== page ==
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The First Sale Rule is one valuation approach that importers might employ to reduce the claimed value of products and lessen the cumulative effect of higher taxes. The First Sale Rule enables importers to base the amount of the customs tax that must be paid on the price that was paid in the first or earlier sale. Many importers make purchases via a middleman seller who acts as a go-between between the manufacturer and the importer during the second sale.
This second sale has a higher price tag. Particularly for the textile and footwear sector, where clothes and shoes are subject to higher duty rates, paying taxes on a lower, initial selling price gives a significant possibility for cost savings.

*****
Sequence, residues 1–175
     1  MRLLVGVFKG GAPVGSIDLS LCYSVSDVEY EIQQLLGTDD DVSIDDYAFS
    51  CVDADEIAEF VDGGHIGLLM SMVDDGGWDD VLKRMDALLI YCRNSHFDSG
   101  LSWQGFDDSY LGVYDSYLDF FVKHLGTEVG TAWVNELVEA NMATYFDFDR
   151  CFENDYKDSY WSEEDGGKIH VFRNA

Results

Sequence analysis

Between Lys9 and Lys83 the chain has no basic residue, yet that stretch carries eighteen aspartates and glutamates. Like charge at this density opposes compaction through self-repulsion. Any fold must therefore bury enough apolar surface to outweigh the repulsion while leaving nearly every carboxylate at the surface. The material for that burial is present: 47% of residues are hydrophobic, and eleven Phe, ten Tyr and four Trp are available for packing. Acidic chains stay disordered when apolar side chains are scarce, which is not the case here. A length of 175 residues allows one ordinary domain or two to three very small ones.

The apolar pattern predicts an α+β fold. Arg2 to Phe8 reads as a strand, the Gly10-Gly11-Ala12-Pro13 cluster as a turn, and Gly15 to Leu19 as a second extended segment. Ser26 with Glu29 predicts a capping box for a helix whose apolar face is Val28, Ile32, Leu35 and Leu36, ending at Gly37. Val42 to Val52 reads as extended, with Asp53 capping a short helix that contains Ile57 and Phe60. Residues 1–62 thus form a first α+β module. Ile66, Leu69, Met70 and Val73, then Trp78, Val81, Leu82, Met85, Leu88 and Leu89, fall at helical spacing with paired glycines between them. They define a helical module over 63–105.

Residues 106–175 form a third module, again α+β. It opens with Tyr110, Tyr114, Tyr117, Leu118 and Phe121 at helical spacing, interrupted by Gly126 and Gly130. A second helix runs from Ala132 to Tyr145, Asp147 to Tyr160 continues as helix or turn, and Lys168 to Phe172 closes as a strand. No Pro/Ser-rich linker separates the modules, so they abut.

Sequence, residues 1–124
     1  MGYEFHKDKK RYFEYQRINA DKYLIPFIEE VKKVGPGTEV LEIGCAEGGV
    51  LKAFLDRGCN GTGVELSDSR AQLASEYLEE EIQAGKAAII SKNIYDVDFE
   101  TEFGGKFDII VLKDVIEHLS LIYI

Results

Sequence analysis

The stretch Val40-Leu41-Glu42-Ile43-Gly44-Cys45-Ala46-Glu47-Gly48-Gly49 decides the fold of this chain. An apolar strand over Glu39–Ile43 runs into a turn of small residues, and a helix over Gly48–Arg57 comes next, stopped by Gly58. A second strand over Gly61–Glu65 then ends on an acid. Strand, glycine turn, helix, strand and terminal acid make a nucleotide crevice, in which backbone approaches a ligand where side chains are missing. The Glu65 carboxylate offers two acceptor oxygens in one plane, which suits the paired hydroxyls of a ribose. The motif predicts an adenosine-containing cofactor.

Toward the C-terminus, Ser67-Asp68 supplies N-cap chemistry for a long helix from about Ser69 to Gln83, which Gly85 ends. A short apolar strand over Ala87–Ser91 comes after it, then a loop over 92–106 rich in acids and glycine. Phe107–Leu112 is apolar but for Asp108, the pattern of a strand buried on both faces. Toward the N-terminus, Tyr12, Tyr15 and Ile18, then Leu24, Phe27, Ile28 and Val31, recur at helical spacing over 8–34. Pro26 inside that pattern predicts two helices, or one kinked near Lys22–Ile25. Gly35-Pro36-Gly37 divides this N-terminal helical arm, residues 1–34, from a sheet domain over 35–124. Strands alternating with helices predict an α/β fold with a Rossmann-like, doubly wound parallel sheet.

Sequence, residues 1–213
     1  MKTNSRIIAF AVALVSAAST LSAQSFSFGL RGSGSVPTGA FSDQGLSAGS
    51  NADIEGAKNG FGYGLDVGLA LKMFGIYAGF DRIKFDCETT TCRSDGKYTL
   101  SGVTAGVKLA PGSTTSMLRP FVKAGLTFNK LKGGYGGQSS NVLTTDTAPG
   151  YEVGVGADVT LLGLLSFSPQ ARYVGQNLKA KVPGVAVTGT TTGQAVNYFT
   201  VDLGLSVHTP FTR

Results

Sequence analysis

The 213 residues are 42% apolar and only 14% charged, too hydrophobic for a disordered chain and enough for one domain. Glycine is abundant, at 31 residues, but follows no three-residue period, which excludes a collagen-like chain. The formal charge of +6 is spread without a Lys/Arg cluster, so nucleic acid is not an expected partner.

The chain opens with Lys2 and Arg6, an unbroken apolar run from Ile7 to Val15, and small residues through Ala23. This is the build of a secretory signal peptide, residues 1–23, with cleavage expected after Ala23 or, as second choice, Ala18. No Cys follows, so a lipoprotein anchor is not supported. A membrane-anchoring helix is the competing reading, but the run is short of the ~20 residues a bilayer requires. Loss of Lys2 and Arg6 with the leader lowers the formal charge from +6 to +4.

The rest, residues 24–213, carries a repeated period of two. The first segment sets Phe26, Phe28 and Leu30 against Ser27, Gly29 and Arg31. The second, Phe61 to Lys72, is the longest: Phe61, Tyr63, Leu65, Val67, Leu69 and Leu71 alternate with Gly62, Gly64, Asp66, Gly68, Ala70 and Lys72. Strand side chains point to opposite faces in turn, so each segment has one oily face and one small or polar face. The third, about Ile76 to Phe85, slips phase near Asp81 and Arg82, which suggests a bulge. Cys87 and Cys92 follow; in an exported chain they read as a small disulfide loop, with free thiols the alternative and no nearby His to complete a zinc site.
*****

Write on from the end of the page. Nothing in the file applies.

An importer must make sure that all necessary inspections and documentation are in place for Customs approval before beginning to implement the First Sale regulation. Adherence to the strict requirements established by Customs is necessary for implementation, as is confidence and faith in the direct manufacturer, who will eventually be disclosing their produced cost. Sound documentation of the genuine transaction, made possible through verifiable electronic communications of sales contracts, purchase orders, shipping contracts, payments, and/or proofs of purchase, is crucial to implementation. It is essential to have complete tracing and tracking documentation proving that the purchase order was placed directly with the First Sale manufacturer and that the goods is intended for export, together with any necessary supporting paperwork.

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